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I have two problems about ordinal numbers.

Set $V_0 = \emptyset$ and if we have define $V_a$ then $V_{a+1}= \mathcal{P}(V_a)$ if $a$ is successor and let $ V_{\beta}= \sup\{ V_a ,\quad a<\beta \}= \bigcup \{ V_a ,\quad a< \beta \} $

1.For every ordinal $a$ prove that $ a \in V_{a+1} $

2.If $ a\in \beta $ then prove that $ V_a \in V_{\beta}$

I want to prove these using Transfinite induction but I can't. Can you give some help?

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What have you tried? –  azarel Jan 25 '12 at 20:01

2 Answers 2

up vote 5 down vote accepted
  1. If $a=\emptyset$, then $\emptyset\in \mathcal{P}(\emptyset) = \mathcal{P}(V_a) = V_{a+1}$, as desired.

    If the result holds for $a$, then it holds for $a+1$: we know that $a\in V_{a+1}=\mathcal{P}(V_a)$; we need to show that $a\cup\{a\}\in \mathcal{P}(V_{a+1})$. Since $a\in V_{a+1}$, then $a\subseteq V_a$. Since $a$ is an ordinal, if $b\in a$, then $b\subseteq a$, hence $b\subseteq V_a$; thus, $b\in\mathcal{P}(V_a) = V_{a+1}$. Thus, for every $b\in a$, $b\in V_{a+1}$, which shows that $a\subseteq V_{a+1}$. Therefore, since $a\in V_{a+1}$ and $a\subseteq V_{a+1}$, it follows that $a\cup\{a\}\subseteq V_{a+1}$, hence $a\cup\{a\}=a+1\in \mathcal{P}(V_{a+1})=V_{a+2}$, as desired.

    Finally, assume that $b$ is a limit ordinal and for all $a\lt b$ we have $a\in V_{a+1}$. We want to show that $b\in V_{b+1}$.

    If $a\lt b$, then $a\in V_{a+1}\subseteq V_b$; since $b$ is an ordinal, this implies that if $a\in b$, then $a\in V_b$. Hence, $b\subseteq V_b$, so $b\in\mathcal{P}(V_{b}) = V_{b+1}$, as desired.

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@passenger: Hey, I only did one; I don't see how it can be "accepted" since I didn't do the second part. You should really not accept it quite yet. –  Arturo Magidin Jan 25 '12 at 20:22
    
I can do the second part now. Thank's for the answer! –  passenger Jan 25 '12 at 20:25

To show $a \in V_{a+1}$ I'll use that $V_\alpha$ are transitive.

Claim 0: $V_\alpha$ are transitive, that is, if $a \in V_\alpha$ then $a \subset V_\alpha$

Proof: By transfinite induction over $\alpha$.

Case $\alpha = \emptyset$: We trivially have that for all $a$ in $V_\emptyset = \emptyset$ that $a \subset V_\emptyset$.

Case $\alpha = \beta + 1$ is a successor ordinal: Assume that for all $a \in V_\beta$ we have $a \subset V_\beta$ and let $b \in V_{\beta + 1} = P(V_\beta)$. Then for each $x$ in $b$ we have that $x \in V_\beta$. By assumption we have $x \subset V_\beta$, so for each $y \in x$ we have $y \in V_\beta$. Hence for each $y$ in $x$, $\{y \} \in P(V_\beta)$ and hence $\bigcup_{y \in x} \{y\} = x \in P(V_\beta) = V_{\beta + 1}$. So for each $x$ in $b$ we have $x \in V_{\beta + 1}$ which is the same as saying $b \subset V_{\beta + 1}$.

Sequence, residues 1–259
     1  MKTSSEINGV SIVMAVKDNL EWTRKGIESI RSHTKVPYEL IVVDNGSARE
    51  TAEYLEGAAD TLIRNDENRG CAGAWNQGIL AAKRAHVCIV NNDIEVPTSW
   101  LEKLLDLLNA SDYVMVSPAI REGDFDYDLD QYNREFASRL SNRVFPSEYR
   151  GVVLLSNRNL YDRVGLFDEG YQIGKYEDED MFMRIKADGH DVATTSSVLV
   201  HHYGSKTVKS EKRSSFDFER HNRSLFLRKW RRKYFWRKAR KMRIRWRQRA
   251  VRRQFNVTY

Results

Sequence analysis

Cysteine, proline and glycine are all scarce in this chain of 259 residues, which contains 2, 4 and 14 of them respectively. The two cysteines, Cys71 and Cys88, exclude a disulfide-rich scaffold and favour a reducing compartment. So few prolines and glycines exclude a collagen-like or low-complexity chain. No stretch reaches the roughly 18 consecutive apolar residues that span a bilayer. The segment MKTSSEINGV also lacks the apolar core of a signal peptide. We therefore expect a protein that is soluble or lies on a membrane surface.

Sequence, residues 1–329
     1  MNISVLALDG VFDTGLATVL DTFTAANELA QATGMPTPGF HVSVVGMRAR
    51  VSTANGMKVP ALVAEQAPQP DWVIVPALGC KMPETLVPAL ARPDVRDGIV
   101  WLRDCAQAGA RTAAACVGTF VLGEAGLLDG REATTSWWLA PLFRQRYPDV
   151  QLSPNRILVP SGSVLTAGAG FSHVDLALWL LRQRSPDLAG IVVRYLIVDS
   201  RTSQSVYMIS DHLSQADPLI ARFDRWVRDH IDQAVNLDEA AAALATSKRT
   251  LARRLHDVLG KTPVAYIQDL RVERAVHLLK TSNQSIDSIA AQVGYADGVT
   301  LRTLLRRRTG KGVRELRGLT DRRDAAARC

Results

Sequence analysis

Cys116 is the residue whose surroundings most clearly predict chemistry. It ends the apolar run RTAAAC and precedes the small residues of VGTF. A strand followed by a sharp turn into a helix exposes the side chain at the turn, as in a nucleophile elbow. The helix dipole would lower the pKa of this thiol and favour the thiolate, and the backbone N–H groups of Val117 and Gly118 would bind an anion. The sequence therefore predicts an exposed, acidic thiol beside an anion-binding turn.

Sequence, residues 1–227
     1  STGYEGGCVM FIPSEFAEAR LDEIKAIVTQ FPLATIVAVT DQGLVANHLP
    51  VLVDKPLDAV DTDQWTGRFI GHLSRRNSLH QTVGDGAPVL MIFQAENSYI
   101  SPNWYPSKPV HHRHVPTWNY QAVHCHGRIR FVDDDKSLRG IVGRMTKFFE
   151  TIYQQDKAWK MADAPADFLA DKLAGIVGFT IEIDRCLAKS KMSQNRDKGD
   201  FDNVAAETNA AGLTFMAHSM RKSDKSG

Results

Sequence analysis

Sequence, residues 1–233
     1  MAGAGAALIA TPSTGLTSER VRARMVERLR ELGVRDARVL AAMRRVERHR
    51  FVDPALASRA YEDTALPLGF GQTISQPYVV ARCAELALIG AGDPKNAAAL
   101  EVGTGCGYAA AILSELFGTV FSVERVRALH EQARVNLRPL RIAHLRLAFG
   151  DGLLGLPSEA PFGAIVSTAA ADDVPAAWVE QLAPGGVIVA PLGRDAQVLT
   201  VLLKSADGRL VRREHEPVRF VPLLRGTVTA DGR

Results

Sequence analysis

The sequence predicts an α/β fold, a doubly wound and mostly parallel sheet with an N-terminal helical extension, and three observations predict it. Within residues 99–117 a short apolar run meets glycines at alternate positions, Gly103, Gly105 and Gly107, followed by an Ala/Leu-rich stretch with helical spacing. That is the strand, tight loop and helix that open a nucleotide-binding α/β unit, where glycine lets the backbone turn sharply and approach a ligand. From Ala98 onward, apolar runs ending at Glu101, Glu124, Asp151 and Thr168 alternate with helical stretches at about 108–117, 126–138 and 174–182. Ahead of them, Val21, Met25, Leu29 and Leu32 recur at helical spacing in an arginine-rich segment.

Case $\lambda$ is a limit ordinal: Assume that for all $\beta < \lambda$ we have $x \in V_\beta$ implies that $x \subset V_{\lambda}$ and let $b \in V_{\lambda} = \bigcup_{\beta < \lambda} V_\beta$. Then there exists a $\beta < \lambda$ such that $b \in V_\beta$. Then by assumption $b \subset V_\beta \subset \bigcup_{\beta < \lambda} V_\beta = V_{\lambda}$.

Now to answer the question:

Claim 1: $a \in V_{a + 1}$

Proof: By transfinite induction over $a$.

Case $a = \emptyset$: $a = \emptyset \in P(V_\emptyset) = P(\emptyset) = \{\emptyset\}$.

Case $a = b + 1$ is a successor ordinal: Assume that $b \in V_{b+1}$. We want to show $b + 1 \in V_{b + 2}$ where $b + 1 = b \cup \{b \}$. Since $b \in V_{b + 1}$ we have $\{b\} \in P(V_{b + 1}) = V_{b + 2}$. Since $V_\alpha$ are transitive we have $b \subset V_{b+1}$ and so for all $x$ in $b$, $x$ is also in $V_{b+1}$. Hence $\{x\} \in P(V_{b+1}) = V_{b+2}$ and so $b = \bigcup_{x \in b} \{x\} \in P(V_{b+1}) = V_{b+2}$. Hence $b \cup \{b\} \in V_{b+2}$ or in other words $a \in V_{a + 1}$.

Case $a = \lambda$ is a limit ordinal: Assume that we have $b \in V_{b+1}$ for all $b < \lambda$. We want to show that $\lambda \in V_{\lambda+1} = P(V_\lambda)$. By transitivity of $V_\alpha$ we have that if $c < d$ then $V_c \subset V_d$ hence for $b+1 < \lambda$ we get $V_{b+1} \subset V_\lambda$. By assumption, $b \in V_{b+1}$ hence $b \in V_\lambda$ for all $b + 1 < \lambda$ and hence $b \in P(V_{\lambda})$. So we have $\cup \{b \mid b + 1 < \lambda \} =\cup \{b \mid b < \lambda \} = \lambda \in P(V_{\lambda})$.

Claim 2: If $\alpha \in \beta$ then $V_\alpha \in V_\beta$

Proof:

I'll write $\alpha \in \beta$ as $\alpha < \beta$. We know that for $\alpha < \beta$ we have $V_\alpha \subset V_\beta$.

If $\beta$ is a successor ordinal then there is a $\gamma$ such that $V_\beta = P(V_\gamma)$ for $\gamma + 1 = \beta$. If $\alpha = \gamma$ then $V_\alpha \in V_\beta$. If $\alpha < \gamma$ then $V_\alpha \in V_{\alpha + 1} \subseteq V_\gamma \subset V_\beta$.

If $\beta > 0$ is a limit ordinal then $V_\beta = \bigcup_{\gamma < \beta} V_\gamma$. Since $\beta$ is a limit ordinal we have $\alpha < \alpha + 1 < \beta$ and hence $V_\alpha \in P(V_\alpha) = V_{\alpha + 1} \subset V_\beta$.

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There was already a good answer but I thought I'd add an answer to the second part, just for completion. –  Matt N. Jan 30 '12 at 18:13

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